An Open Letter to Beginners

Welcome to OGS!

I think it’s pretty wonderful that you decided to play go, and use OGS as your server of choice. I hope you enjoy your time here as much as possible, which is one of the main reasons I am putting together this letter including an overview of a couple challenges, common mistakes and misconceptions, and resources that you can use to improve.

First things first, you are probably going to lose your first few games. Badly. This is because we seed people in at a rating much higher than a rank beginner actually is, and this has been the subject of much debate on the forums here. And it’s probably for the best that you do lose your first few games, or it’ll take a bit longer to actually go down to your rank.

From that topic, one thing I notice is a common idea that an opponent is “thinking fifteen moves ahead.” This is simply not the case. In fact, you’re probably facing a somewhat strong opponent if they’re even thinking three moves ahead, and fifteen moves doesn’t really happen much until dan level (with the exception of ladders, but most people don’t read through those either).

You see, most go players don’t actually like to think ahead at all. It’s a lot of work, and most of us are lazy, so we use our intuition (along with some strategic heuristics) in order to choose a move. Really, we’re just picking the move that “looks best” or just plain seems obvious to us.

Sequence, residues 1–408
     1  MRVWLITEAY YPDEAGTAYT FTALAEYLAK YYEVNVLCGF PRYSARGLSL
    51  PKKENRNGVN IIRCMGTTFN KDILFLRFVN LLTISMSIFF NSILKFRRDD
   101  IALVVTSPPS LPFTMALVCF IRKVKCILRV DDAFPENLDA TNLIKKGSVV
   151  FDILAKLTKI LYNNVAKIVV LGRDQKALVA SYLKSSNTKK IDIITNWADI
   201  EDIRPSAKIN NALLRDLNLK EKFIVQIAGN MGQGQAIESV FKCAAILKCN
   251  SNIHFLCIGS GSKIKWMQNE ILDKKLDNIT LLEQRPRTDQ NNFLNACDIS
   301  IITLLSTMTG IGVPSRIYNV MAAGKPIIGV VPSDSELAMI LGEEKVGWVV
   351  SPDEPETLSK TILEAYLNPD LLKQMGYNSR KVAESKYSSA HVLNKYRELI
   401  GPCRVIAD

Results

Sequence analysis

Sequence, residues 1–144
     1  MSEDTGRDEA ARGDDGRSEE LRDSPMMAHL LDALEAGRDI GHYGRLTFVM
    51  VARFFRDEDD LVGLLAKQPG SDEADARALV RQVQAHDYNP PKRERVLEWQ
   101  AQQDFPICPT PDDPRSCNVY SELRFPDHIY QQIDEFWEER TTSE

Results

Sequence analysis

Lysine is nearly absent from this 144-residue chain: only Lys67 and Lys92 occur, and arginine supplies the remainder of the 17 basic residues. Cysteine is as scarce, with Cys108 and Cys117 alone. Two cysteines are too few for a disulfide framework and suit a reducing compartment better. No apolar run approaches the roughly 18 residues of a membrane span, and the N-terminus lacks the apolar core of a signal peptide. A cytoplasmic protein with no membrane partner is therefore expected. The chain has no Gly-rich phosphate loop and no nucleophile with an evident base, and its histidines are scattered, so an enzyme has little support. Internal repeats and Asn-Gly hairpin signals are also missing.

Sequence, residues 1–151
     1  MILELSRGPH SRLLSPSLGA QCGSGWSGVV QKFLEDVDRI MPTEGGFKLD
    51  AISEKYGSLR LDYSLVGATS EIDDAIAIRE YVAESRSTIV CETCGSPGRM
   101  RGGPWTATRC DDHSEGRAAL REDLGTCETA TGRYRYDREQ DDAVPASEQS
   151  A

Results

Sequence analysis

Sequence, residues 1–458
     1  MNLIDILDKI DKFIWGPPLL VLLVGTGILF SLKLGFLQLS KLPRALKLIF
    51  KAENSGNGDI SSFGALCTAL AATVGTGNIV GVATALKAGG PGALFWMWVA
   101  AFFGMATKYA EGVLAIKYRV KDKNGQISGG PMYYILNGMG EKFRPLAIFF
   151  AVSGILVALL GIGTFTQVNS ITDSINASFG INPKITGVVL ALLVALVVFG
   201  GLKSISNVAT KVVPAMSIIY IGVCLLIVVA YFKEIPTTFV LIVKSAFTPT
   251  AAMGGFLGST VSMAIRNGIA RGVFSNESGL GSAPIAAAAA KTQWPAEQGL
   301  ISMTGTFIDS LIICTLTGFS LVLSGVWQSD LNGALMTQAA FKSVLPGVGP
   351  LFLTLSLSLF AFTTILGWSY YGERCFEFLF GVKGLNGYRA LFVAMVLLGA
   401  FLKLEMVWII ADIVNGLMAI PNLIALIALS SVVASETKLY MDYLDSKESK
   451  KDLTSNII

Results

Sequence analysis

This does not mean you can set “traps” for a given player, and in fact, it more often seems like we’re setting traps for you. But really we don’t see these so much as “traps” as techniques of capture, the things we call traps are much more complicated.

So, how do we intuit all this information that you have a hard time getting with brute analysis? Well, first of we played. A lot. In fact there’s a go proverb that “You should lose your first 50 games as fast as possible” in order to become stronger. Now, this doesn’t mean you should play blindly, but that you should look for what didn’t go well (as well as what did) and see what you could have done differently, and try to apply that to your next game.

“That’s a lot of work!” You say, “I thought you said go players were lazy!” And I don’t back down from that statement. The reason we play and review so many games is because we genuinely enjoy playing the game, so it doesn’t feel quite as much like work (until you get to Single Digit Kyu (SDK) and actually start – gasp – studying). But, there is a bit of a shortcut in the form of tutorials a bit of a shortcut in the form of tutorials like the one called The Interactive Way to Go. This tutorial is a wonderful one that makes you begin to understand capture, the techniques of capture, and how ending and scoring the game works. It is the one I used as a beginner (as well as many others on this site), and it is one I highly recommend.

Aside from that, if you have any questions, feel free to ask them here on the forums or in the OGS chat room, where you will probably be met with some friendly people (including me if you get on at the right time) who will be happy to answer your questions. Just hold back on all the puns on the word “go,” We’ve heard them all.

Well, that’s all I can think of right now, so if more experienced players think I missed something, add it below.

I hope you enjoy your time here, and once again, welcome to OGS!


So true - I hate having to think for more than about 5 secs at a time